Freeze drying requires a high energy input and is only feasible for very high value products. Freeze dried products have the advantage that they can be stored under ambient conditions as long as the packaging is impervious to water.

Solar driers

Considerable interest has been shown in the development of solar powered driers in recent years. In these, the energy of the sun is collected and concentrated to produce elevated temperatures and an increased rate of drying. Raising the air temperature increases the amount of water the air can hold, thus the relative humidity will be reduced and the air will be able to absorb additional water vapour. In the humid tropics, the relative humidity is often too high for rapid natural drying and it is hoped that solar powered units which are simple, inexpensive and efficient can be developed for drying fish.

There are two basic methods of collecting and concentrating the sun's energy:

1. Parabolic reflectors: sunlight falling on a mirror is focused to a point, where the temperature becomes much higher. Reflectors have not been applied to fish drying, since the normal requirement is to slightly increase the temperature of large volumes of air.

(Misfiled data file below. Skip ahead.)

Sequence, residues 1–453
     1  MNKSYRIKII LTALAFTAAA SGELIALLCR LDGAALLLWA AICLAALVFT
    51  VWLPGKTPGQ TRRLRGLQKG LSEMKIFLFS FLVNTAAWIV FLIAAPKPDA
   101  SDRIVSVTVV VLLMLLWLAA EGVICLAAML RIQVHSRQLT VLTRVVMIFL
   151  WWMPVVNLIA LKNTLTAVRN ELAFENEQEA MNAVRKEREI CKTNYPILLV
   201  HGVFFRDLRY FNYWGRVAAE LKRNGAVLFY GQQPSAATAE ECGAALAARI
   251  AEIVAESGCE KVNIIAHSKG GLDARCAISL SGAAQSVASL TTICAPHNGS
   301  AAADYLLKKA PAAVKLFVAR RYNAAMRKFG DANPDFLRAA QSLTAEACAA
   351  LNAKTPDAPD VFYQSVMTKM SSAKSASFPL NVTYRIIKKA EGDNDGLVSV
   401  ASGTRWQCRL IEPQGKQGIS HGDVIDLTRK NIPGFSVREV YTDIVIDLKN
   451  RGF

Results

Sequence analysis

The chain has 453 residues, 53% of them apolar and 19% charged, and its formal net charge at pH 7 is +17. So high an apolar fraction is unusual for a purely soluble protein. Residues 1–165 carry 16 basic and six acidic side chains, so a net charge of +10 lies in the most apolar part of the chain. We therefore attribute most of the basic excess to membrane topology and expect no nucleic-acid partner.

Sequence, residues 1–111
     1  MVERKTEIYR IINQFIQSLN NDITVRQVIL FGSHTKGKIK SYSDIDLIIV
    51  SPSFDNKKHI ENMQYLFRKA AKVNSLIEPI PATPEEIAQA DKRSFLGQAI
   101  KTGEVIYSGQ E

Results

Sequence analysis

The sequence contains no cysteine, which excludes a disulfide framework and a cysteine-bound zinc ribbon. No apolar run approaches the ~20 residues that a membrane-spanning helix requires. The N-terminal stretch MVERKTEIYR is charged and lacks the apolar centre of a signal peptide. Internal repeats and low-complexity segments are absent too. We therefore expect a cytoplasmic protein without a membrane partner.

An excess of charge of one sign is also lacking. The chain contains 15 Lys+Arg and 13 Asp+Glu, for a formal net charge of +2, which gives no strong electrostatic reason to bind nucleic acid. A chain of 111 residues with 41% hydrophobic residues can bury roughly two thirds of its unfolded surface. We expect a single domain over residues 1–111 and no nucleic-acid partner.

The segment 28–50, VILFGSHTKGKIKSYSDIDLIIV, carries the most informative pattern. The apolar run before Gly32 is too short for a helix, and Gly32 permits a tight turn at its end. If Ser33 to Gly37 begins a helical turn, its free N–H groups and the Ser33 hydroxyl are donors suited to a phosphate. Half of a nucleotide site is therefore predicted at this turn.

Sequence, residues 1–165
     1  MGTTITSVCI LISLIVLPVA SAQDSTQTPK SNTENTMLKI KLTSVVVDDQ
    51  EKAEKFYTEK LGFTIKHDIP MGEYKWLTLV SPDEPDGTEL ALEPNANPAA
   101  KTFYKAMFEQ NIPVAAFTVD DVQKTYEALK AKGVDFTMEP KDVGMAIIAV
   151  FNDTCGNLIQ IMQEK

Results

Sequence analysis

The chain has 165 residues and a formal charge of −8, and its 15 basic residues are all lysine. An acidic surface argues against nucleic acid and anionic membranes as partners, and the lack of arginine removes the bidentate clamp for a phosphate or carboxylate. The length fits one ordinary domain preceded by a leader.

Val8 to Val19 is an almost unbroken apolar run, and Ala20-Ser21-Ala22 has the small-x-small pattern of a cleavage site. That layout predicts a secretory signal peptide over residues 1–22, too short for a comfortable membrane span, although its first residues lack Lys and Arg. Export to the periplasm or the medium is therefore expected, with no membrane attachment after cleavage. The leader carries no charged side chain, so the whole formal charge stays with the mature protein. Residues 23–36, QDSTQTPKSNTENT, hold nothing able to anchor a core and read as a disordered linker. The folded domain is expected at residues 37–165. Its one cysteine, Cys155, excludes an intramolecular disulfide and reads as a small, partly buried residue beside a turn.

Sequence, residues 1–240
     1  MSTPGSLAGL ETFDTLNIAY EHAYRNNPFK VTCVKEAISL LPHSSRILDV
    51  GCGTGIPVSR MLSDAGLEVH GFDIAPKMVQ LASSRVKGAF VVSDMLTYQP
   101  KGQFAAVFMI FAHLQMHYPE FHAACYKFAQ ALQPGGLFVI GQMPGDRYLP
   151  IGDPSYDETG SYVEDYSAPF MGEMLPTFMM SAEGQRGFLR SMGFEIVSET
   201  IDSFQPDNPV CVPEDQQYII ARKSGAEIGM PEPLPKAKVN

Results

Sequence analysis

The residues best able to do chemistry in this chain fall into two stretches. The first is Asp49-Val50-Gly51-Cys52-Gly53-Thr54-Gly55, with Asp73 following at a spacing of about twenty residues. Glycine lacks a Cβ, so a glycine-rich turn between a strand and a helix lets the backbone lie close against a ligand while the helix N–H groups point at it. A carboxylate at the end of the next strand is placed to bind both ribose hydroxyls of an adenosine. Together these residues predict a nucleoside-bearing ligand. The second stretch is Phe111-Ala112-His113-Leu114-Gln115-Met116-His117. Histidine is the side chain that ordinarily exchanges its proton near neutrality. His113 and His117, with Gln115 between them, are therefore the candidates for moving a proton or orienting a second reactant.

2. Absorption units: a black surface absorbs heat energy from the sun far more effectively than a light coloured surface. If an insulated box, painted black on the inside and covered with clear glass or plastic, is placed in the sun, the temperature of the enclosed air is increased considerably. If the box has openings at the top and bottom, the air, as it is warmed, will rise and create a flow. Fish placed in the box will, therefore, be exposed to a flow of air that is warmer and of a lower relative humidity than the ambient air.

The black heat collection units can be connected to a drying chamber to supply a flow of warm air and it is not then necessary to expose the fish to the direct rays of the sun which can cause problems with case hardening and cooking of the fish if the temperature is not adequately controlled.

Several experimental designs of solar fish driers have been developed but, at the present time, none are in widespread commercial use.